They often end up in situations that are destructive, because they do not have a strong enough conviction within themselves to trust themselves, when they notice red flags in relationships. The borderline person will put up with abusive treatment, because they associate abuse with the love they received in the past. They will often pay a high price to feel loved, to avoid abandonment, at the expense of themselves. They often do not know that they are mistreated, because it feels normal, often re-capturing a lost loved parent to meet their unmet needs in their present relationships. They repeat their pattern of putting up with abuse to feel loved, by hoping to recreate the love they’re longing for. Finding abusive or unavailable partners does not actually give them what they didn’t receive and they certainly cannot fix the past by attaching to partners who represent their past.
The borderline person often had parents do things for them, so they learned to depend on others to do things for them or take care of them. Other times they never had parents to support their growth or development. They replace the focus on themselves by focusing on others, to feel good about themselves. The borderline does not have confidence in themselves, often seems vulnerable, appears helpless and sometimes clings to destructive relationships to feel love. So, others feel worried about them and want to help. However, they often didn’t develop the capacity to help themselves, so others tend to rescue them. When others give unwanted advice, it can feel imposing or belittling. When the borderline does not think for themselves, and takes on the advice of others, it prevents them from working things out for themselves. They will not grow, but will stay helpless and dependent on others to take over their life for them, so they do not have to take responsibility. It enables them to stay stuck. Others feel annoyed at their efforts to help that seem to go nowhere, so friends give up on them or have enough, abandoning them when they’re most vulnerable.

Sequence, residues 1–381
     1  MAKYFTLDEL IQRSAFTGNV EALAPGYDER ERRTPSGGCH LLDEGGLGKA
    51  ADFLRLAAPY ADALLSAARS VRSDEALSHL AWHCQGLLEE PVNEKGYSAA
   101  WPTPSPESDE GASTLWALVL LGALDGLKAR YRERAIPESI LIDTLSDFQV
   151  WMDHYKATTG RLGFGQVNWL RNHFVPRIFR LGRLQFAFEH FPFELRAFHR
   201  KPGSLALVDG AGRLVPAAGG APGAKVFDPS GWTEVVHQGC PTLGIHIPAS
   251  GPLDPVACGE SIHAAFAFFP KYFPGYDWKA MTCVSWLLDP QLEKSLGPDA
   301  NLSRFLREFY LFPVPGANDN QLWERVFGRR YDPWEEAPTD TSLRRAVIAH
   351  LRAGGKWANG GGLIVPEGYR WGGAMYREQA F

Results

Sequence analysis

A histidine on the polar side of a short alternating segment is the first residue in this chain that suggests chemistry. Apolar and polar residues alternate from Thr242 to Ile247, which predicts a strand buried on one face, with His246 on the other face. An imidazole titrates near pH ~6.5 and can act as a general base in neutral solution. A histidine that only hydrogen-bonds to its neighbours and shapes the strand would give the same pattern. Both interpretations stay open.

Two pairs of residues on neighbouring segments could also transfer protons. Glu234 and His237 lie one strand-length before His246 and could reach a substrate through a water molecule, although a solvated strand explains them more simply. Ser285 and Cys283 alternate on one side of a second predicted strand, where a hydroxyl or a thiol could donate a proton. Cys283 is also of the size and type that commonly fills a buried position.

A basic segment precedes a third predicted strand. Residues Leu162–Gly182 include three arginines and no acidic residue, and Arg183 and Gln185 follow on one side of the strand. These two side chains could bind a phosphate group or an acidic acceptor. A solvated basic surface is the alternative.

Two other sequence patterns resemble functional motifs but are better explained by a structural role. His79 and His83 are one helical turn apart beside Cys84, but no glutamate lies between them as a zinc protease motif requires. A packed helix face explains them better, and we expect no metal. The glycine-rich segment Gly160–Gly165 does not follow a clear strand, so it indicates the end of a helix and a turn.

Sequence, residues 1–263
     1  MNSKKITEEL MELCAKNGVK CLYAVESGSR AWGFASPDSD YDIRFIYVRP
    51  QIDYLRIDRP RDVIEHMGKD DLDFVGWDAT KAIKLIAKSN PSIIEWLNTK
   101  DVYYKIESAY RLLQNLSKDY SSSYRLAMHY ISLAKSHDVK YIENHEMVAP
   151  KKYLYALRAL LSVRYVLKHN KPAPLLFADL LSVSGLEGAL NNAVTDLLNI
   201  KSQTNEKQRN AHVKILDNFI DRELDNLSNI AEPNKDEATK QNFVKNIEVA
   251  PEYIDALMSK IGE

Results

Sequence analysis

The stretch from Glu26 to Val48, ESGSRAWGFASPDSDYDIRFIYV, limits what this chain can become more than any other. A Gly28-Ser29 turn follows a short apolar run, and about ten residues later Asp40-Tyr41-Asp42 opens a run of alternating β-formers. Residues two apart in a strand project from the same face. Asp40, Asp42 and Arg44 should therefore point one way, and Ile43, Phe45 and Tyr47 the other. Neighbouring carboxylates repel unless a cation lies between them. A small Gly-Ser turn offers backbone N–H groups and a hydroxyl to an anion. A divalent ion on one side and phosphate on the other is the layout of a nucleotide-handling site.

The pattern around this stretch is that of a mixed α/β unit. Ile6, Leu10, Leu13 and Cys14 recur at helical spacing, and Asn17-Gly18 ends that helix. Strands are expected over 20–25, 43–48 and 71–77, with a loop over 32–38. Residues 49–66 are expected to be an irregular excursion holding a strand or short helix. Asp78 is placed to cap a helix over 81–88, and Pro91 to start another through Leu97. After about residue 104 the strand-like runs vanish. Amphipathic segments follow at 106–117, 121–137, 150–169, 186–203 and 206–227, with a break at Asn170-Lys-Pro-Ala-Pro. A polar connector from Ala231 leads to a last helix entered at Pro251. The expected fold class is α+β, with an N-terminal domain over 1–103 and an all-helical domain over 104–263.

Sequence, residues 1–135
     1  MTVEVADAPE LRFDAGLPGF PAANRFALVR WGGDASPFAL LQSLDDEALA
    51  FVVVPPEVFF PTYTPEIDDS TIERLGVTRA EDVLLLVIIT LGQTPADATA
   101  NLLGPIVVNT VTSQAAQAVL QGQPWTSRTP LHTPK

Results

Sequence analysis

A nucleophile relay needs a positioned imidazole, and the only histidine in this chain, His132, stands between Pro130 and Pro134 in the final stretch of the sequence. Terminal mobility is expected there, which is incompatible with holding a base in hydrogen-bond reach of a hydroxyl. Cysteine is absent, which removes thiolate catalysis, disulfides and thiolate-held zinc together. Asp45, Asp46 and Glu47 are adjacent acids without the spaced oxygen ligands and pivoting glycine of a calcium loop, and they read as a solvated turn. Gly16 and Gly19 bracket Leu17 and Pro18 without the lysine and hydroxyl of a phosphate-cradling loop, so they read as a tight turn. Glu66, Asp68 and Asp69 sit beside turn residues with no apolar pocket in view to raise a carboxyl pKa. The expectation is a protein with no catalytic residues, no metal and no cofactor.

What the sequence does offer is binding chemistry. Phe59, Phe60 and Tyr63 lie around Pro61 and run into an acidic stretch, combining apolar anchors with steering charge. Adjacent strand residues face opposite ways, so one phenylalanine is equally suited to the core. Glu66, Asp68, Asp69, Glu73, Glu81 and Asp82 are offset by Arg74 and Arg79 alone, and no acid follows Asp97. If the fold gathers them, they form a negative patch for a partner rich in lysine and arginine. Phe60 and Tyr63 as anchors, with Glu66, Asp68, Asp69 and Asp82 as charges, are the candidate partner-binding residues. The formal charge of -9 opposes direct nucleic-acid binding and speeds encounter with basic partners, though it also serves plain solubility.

The borderline can feel patronized by others taking control of their life for them. All they want is the space to be themselves, so they can understand themselves. They feel others impose and overstep the mark, by telling them what to do. It doesn’t help them to take responsibility for themselves, but reinforces how silly they feel.
How should a borderline individual deal with their emotions?
Firstly, do not react to your feelings. Check out whether your feelings are warranted or if you are being triggered. Recognize your triggers and situations that trigger you. This will help you work out what belongs to you or others. Are the feelings inside of you, or external by being caused by others.